Like the nearly 80% of Americans who will experience a back problem during their lifetime, Beverly Hayes suffers fromback pain. For many, the injury is triggered by a strenuous activity, like gardening orweight lifting. Others simply bend down to pick up a pencil and their back gives out.
1. Maintain Good Posture
“Little things add up,” she says. “You can increase the pressure on your back by 50% simply by leaning over the sink incorrectly to brush your teeth. Keeping the right amount of curvature in the back takes pressure off the nerves and will reduce back pain.”
2. Limit Bed Rest
Studies show that people with short-term low-back pain who rest feel more pain and have a harder time with daily tasks than those who stay active.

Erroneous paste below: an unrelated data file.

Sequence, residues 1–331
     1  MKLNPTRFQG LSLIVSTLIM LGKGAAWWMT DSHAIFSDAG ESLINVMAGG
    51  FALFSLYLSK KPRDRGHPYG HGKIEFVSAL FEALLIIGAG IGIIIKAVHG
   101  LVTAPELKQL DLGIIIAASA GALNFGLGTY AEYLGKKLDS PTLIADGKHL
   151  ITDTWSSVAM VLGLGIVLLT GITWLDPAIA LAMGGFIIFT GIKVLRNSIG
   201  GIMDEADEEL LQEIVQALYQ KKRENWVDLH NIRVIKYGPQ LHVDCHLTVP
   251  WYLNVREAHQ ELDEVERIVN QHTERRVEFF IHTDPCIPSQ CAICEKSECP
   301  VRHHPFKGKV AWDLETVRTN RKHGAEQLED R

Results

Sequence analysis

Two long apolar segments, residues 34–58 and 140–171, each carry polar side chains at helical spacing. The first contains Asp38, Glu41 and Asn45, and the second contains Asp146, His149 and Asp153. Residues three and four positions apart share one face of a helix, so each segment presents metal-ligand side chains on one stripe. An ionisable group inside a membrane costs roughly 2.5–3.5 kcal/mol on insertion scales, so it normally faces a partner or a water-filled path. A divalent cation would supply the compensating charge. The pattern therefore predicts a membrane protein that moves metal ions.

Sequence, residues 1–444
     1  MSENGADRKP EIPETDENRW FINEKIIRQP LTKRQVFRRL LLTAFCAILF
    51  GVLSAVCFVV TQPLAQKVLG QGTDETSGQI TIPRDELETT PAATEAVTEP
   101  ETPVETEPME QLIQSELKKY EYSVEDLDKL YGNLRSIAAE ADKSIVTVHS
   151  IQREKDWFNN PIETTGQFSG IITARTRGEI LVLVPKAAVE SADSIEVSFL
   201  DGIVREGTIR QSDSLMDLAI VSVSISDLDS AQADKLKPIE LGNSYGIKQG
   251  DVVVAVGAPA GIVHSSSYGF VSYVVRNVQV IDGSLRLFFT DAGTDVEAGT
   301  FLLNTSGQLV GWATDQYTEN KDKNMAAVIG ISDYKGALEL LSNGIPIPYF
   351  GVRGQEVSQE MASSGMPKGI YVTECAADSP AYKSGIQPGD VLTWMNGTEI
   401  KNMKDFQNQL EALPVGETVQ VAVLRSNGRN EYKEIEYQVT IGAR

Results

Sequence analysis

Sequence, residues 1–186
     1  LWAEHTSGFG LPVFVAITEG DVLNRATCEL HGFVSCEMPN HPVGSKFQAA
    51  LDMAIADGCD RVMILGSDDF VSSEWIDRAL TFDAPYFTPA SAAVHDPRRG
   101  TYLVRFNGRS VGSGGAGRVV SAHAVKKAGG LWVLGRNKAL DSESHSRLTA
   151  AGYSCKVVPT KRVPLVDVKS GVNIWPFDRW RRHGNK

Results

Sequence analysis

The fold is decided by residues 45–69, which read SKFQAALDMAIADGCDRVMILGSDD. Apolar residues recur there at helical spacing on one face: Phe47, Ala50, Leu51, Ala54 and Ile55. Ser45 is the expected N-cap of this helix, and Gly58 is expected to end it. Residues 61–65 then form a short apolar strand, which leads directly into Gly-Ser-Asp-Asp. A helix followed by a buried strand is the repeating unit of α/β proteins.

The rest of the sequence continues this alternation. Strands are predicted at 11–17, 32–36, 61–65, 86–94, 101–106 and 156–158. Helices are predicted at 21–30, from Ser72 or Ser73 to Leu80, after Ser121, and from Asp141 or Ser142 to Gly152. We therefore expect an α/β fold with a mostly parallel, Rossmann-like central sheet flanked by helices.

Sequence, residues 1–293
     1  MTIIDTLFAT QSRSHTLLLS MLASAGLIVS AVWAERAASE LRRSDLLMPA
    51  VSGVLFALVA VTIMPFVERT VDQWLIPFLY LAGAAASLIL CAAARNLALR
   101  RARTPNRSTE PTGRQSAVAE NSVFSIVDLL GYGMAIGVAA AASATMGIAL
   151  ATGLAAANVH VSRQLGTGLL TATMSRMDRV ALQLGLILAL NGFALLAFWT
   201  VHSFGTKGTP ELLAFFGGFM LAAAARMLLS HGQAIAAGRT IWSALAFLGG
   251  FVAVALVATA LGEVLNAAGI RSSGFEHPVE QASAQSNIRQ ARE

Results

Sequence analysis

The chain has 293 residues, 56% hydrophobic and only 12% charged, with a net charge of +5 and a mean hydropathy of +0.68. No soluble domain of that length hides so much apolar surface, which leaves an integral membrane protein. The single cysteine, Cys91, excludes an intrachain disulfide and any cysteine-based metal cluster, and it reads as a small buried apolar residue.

3. See a Specialist
“There is no magic aspirin that addresses lower back pain in everyone,” Davis says. “Some patients need more core strengthening while others benefit mainly from stretching and improving flexibility. Find a physical therapist, exercise physiologist, or chiropractor who specializes in back care. They will match you with the right exercise plan.”
Lighting up doesn’t just damage your lungs; it can also hurt your back.
A study recently published in the American Journal of Medicine found that current and former smokers are more likely to have back pain when compared with people who have never smoked.